Except for the time we hiked the Fish River Canyon in the south of Namibia. Where the day temperature in winter goes to somewhere in the middle forties and there isn't any shade at all. You dry out like biltong and your tongue sticks to your palate, in spite of having water close by. It's just that you dry out so fast. At least the evenings were tolerable and we had to make a fire every night against the coolness of the river.

Or perhaps the time when I lived in Nigeria, in the Niger River delta. Right in the middle of the swamps. Where the temperature goes only to 35ºC, but the humidity is over 90% most of the time. You sit soaked in your own sweat. Ther I learnt to wear loose fitting clothes, it helps to cool you. Also, you don't chafe as badly as with tight fitting clothes.

But here on the boat I hardly wear anything, just swimming trunks. So I don't chafe. I also don't move about that much. And here is no place to hide from the het or the humidity. The cabins get sweltering hot from the sun baking down on them all day. Not even the open hatches help with cooling. The engines actually help to heat up the cabins.

I have a good understanding now of how the seafarers of old felt in these climes. Especially when they were becalmed. Not something to laugh about.

We are now about six hundred nautical miles away from our destination. Hopefully we get wind, in which case we shall be arriving in Fort Lauderdale sometime early Friday morning. The weather forecast is for wind from Wednesday (next tomorrow in Nigerian dialect) onwards. We shall then be in the Bahamas Channel and be sailing with the Gulf Stream. This should give us a slingshot heave on our way.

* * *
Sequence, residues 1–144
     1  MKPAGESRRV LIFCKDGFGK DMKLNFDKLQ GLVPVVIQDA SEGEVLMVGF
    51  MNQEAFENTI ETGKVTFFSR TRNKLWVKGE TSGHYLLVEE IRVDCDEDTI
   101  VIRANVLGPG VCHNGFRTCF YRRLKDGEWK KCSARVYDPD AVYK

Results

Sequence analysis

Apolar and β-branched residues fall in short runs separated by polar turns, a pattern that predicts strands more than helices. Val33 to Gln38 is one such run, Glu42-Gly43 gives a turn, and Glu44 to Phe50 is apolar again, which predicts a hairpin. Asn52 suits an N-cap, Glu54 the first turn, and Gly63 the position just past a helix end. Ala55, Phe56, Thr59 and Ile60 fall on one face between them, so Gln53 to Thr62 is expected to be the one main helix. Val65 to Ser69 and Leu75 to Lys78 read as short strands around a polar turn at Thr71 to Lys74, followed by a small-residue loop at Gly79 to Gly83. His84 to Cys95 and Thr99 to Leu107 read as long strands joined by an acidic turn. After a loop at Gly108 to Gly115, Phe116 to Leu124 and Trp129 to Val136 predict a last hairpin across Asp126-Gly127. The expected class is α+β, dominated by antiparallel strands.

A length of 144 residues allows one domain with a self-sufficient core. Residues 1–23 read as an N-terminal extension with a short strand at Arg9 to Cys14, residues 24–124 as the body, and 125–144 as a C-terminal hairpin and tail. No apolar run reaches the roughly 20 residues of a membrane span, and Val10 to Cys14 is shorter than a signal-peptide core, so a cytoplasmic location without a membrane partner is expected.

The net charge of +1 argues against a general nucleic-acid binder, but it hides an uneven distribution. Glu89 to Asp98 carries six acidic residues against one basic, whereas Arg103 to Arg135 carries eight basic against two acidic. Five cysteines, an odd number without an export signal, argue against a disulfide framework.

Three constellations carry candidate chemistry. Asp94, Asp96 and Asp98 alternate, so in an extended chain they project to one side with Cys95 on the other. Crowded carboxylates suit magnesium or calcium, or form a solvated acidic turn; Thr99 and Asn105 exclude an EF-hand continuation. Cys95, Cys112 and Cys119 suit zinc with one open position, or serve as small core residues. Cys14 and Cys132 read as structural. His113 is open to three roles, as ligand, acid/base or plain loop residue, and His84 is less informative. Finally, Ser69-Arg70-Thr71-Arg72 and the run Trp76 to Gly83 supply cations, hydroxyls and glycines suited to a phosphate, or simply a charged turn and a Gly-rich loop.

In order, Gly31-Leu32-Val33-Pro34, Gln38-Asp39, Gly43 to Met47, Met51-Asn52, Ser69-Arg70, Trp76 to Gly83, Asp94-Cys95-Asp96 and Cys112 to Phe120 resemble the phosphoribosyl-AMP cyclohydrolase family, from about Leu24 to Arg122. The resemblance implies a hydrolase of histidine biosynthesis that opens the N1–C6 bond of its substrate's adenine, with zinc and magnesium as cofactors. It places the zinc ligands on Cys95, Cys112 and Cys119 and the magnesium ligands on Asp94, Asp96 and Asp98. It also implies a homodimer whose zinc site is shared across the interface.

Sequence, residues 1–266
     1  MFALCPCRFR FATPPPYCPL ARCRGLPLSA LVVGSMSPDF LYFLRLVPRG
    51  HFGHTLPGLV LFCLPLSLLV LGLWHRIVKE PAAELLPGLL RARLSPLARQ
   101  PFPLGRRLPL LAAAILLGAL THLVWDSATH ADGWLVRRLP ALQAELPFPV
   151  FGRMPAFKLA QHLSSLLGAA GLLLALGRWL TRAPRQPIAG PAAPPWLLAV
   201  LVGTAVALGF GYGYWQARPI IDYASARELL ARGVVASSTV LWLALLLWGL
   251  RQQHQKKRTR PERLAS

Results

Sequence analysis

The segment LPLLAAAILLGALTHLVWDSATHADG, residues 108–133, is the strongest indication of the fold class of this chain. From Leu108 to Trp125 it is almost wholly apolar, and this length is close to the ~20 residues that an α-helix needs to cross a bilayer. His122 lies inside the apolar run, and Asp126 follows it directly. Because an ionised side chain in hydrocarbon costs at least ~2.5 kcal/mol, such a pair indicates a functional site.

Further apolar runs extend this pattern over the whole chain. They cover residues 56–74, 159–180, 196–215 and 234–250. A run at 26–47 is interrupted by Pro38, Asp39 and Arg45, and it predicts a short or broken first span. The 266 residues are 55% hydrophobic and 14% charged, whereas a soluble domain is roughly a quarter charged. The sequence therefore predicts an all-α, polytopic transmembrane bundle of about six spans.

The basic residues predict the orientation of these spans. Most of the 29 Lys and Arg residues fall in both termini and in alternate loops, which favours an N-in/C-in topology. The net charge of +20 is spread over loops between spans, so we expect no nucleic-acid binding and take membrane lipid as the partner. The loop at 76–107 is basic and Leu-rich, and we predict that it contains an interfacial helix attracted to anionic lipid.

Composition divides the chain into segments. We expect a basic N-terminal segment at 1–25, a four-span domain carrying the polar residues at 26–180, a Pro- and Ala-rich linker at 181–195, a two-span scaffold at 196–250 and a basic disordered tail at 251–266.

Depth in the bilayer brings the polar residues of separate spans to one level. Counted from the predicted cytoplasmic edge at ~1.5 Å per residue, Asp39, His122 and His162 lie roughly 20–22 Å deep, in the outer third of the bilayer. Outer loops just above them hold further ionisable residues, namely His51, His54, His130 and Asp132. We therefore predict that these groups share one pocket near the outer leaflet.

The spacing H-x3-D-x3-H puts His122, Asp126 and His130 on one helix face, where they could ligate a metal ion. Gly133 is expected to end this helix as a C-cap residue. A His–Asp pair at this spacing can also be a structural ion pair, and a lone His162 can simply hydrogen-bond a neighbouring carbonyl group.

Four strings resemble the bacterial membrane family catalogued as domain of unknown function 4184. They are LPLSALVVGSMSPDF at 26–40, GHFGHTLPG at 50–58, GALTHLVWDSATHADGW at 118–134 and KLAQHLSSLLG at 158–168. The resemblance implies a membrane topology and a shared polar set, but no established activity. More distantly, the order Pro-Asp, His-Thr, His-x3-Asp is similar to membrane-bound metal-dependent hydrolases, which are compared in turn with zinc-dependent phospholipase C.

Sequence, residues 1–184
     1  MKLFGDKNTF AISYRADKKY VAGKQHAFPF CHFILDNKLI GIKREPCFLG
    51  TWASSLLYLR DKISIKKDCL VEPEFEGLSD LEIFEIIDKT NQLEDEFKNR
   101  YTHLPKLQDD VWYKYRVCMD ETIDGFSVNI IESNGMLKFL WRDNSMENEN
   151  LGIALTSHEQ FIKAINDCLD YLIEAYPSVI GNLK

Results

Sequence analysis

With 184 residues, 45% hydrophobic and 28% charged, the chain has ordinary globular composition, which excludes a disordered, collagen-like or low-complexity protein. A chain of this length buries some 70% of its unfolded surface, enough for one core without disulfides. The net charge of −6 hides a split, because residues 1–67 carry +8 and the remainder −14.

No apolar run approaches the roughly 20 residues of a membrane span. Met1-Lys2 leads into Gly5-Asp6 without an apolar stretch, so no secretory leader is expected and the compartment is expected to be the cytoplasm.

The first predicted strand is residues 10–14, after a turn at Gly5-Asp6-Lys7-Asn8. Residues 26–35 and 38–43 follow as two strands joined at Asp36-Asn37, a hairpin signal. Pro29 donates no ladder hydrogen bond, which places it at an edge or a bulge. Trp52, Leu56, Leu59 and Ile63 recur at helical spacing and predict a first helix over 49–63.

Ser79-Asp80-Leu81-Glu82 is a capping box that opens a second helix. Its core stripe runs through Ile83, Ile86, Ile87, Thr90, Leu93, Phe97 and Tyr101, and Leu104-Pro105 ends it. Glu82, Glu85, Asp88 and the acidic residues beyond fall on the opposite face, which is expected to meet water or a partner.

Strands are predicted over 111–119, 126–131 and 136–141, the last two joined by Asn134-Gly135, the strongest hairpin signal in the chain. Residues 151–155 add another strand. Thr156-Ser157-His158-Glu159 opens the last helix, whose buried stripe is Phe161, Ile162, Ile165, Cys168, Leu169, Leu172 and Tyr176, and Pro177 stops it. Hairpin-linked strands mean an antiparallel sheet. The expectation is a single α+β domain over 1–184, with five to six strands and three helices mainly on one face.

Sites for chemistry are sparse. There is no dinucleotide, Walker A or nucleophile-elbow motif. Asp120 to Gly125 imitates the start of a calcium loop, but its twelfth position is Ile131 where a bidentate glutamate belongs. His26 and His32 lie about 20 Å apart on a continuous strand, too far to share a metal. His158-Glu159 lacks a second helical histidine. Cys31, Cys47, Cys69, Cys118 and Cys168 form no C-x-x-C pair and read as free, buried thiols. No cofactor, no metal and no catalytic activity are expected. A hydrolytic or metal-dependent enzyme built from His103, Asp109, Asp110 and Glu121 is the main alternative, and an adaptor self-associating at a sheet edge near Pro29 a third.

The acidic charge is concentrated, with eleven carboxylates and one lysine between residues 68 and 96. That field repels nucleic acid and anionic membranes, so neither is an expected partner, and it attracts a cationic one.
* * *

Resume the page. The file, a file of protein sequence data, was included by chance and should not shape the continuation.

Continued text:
I suspect that we shall after our arrival experience real Everglades weather, not the relative coolness of the open ocean. If the “skeeters don't get get you, then the 'gators will”, as the song goes. Perhaps we shall also partake of some Southern Comfort and relax before the final spit & polish for hand over of the boat.

And then, just before sunset, we hooked a fish. To the great delight of Dawid, who has craved for sushi for the whole voyage. Had our heads spinning with stories about how good it is and how delicious fresh Tuna is. The fish was a small Bonito, one of the Tuna family. Dawid's dream come true.

So he landed the fish, we coached him on dressing the fish, then left himto his own designs. The skipper and I had a quiet moment on the trampoline watching the sunset. An hour later we went to look for Dawid and found him gaily soldiering on, cutting up his fish. He vwanted to cut the fish into steaks, but found out halfway through his efforts, that it may have been easier to cut out the fillets and ditch the rest of the fish.

Whatever the case, he and I had some sashimi, complete with soy sauce and wasabi. Great stuff.

This blog also linked to Yeastspotting!

Authored by Johan Zietsman
Last updated on 2012-12-12

3rd Leg Day 6: A Flare Over An Oily Sea and Sticky Spicy Fish

The day again dawned sweltering hot. A portetn of things to come. The breeze that sprung up yesterday petered out to nothing during the night. We had just over seven hours' worth of sailing, saving us some diesel.